On this last episode, we look back on 23 years of joyous, difficult and always informative conversation.
Jury nullification, the refusal of a jury to convict no matter how compelling the prosecution’s case, is a powerful legal concept that dates back to colonial times. Kojo speaks to a panel of legal experts about cases of acquittal by nullification and the apparent increase of such cases in Washington, D.C.
- Rita Simon Prof. of Law, University Professor, Washington College of Law, American University
- Tom Munsterman Center for Jury Studies, National Center for State Courts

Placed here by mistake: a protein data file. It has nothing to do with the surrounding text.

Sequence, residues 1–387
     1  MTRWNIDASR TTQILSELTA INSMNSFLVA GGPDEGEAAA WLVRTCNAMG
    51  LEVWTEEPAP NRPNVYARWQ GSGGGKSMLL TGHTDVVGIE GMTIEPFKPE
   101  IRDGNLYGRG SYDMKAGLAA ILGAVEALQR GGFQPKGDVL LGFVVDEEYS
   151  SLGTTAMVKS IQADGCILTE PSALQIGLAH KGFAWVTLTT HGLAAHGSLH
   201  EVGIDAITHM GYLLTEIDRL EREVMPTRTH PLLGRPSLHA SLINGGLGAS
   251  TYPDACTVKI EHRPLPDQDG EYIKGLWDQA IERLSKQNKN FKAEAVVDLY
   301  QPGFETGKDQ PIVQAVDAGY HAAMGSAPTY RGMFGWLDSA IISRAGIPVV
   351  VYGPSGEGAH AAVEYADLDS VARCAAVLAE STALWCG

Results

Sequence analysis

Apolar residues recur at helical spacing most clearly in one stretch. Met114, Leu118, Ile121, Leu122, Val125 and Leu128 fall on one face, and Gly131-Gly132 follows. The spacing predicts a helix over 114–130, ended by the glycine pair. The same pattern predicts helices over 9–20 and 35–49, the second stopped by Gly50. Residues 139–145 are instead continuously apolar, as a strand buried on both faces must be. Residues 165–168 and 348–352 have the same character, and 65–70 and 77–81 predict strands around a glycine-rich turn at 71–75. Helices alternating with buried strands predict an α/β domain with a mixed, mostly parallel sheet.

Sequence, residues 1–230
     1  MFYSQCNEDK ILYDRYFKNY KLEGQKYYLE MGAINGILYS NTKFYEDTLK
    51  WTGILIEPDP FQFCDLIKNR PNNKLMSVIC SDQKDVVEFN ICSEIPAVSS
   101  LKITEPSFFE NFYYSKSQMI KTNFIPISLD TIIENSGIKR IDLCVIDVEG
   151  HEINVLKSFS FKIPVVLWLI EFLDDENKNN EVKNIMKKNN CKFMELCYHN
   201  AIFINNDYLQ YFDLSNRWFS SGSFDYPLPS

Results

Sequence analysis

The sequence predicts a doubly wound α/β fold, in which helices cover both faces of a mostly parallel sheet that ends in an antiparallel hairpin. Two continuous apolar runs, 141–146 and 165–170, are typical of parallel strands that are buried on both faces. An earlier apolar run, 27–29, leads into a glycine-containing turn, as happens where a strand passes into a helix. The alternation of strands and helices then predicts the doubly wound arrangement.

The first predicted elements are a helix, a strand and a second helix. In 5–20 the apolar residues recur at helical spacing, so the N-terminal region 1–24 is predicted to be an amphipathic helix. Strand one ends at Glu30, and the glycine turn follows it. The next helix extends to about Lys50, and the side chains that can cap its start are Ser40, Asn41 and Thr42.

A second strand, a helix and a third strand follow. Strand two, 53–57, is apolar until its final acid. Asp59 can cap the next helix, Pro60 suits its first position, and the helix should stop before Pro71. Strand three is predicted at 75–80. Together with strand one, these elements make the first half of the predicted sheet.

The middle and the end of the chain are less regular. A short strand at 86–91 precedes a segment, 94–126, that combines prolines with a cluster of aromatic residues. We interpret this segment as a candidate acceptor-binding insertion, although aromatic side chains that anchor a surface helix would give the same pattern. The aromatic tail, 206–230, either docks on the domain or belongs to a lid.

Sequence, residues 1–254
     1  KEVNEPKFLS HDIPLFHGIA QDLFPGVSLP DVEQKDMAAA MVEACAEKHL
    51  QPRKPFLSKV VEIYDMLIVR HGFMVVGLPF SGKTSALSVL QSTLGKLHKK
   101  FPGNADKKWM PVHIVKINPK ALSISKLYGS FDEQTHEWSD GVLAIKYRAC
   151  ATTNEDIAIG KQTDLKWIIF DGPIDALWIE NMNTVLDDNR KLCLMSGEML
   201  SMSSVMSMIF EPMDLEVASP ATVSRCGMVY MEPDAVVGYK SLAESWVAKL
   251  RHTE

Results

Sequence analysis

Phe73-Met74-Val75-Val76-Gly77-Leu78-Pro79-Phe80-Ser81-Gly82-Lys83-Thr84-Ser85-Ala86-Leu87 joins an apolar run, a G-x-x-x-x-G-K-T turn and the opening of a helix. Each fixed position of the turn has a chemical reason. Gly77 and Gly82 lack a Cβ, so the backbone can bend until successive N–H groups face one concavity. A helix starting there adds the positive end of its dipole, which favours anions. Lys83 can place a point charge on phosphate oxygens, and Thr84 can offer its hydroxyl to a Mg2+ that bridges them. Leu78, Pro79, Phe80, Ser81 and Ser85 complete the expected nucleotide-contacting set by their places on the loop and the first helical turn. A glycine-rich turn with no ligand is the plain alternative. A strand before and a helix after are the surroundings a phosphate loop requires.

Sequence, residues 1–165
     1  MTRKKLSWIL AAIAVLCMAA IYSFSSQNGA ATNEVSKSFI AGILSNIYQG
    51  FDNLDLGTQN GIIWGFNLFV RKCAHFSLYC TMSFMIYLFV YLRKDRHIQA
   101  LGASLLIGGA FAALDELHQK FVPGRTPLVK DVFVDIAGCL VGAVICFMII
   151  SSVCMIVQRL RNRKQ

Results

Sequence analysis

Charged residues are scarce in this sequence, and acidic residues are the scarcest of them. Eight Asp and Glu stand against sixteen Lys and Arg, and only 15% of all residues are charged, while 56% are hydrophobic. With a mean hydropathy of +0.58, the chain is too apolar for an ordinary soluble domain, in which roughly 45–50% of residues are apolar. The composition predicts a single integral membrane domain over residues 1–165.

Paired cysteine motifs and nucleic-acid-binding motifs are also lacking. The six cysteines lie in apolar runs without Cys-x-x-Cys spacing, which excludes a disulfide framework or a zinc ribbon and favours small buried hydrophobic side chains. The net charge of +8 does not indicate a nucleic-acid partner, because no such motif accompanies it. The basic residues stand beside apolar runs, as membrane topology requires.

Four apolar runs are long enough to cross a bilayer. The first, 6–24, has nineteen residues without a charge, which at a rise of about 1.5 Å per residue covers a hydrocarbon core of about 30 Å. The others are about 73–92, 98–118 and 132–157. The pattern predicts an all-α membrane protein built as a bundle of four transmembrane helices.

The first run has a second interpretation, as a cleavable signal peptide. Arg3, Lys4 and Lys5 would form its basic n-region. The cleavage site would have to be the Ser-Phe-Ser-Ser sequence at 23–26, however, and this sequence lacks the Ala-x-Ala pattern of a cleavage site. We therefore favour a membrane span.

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Kojo talks with author Briana Thomas about her book “Black Broadway In Washington D.C.,” and the District’s rich Black history.
Poet, essayist and editor Kevin Young is the second director of the Smithsonian's National Museum of African American History and Culture. He joins Kojo to talk about his vision for the museum and how it can help us make sense of this moment in history.
Ms. Woodruff joins us to talk about her successful career in broadcasting, how the field of journalism has changed over the decades and why she chose to make D.C. home.